what is the significance of ideal gas equation?

Raheema Javed
156 Points
8 years ago
PV = nRT
This equation is called the ideal gas law. It relates the four independent properties of a gas at any time. The constant R is called the ideal gas law constant. Its value depends on the units used to express pressure and volume.
The ideal gas law is used like any other gas law, with attention paid to the unit and making sure that temperature is expressed in Kelvin. However, the ideal gas law does not require a change in the conditions of a gas sample. The ideal gas law implies that if you know any three of the physical properties of a gas, you can calculate the fourth property.

The ideal gas law can also be used in stoichiometry problems. ‘
The ideal gas law can also be used to determine the densities of gases. Density, recall, is defined as the mass of a substance divided by its volume:
d=m/V
Assume that you have exactly 1 mol of a gas. If you know the identity of the gas, you can determine the molar mass of the substance. Using the ideal gas law, you can also determine the volume of that mole of gas, using whatever the temperature and pressure conditions are. Then you can calculate the density of the gas by using
density=molarmass/molarvolume

Breathing
Breathing (more properly called respiration) is the process by which we draw air into our lungs so that our bodies can take up oxygen from the air. Let us apply the gas laws to breathing.

Start by considering pressure. We draw air into our lungs because the diaphragm, a muscle underneath the lungs, moves down to reduce pressure in the lungs, causing external air to rush in to fill the lower-pressure volume. We expel air by the diaphragm pushing against the lungs, increasing pressure inside the lungs and forcing the high-pressure air out. What are the pressure changes involved? A quarter of an atmosphere? A tenth of an atmosphere? Actually, under normal conditions, it’s only 1 or 2 torr of pressure difference that makes us breathe in and out.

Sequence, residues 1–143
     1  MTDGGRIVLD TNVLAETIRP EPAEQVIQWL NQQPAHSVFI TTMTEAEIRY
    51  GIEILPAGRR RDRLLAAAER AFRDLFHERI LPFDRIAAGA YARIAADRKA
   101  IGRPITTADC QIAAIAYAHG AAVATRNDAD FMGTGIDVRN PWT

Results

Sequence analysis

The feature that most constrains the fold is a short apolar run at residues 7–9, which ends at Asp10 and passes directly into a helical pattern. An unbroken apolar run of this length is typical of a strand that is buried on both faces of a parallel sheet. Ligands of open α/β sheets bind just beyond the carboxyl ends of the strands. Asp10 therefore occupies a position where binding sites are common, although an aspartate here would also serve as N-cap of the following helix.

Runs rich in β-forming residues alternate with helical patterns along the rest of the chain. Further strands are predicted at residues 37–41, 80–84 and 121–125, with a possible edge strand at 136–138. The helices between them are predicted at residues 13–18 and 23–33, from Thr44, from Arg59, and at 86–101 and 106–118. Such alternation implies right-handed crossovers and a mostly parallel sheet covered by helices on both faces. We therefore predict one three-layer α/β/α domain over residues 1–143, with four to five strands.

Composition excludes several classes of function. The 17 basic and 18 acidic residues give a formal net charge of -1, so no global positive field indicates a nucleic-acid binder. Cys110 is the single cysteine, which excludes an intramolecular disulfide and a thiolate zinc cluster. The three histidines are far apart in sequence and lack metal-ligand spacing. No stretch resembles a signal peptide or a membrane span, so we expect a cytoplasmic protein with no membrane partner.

Breathing involves pressure differences between the inside of the lungs and the air outside. The pressure differences are only a few torr.

A normal breath is about 0.50 L. If room temperature is about 22°C, then the air has a temperature of about 295 K. With normal pressure being 1.0 atm, how many moles of air do we take in for every breath? The ideal gas law gives us an answer:
(1.0atm)(0.50L)=n(0.08205L⋅atmmol⋅K)(295K)
Solving for the number of moles,
we get n = 0.021 mol air
This ends up being about 0.6 g of air per breath—not much but enough to keep us alive.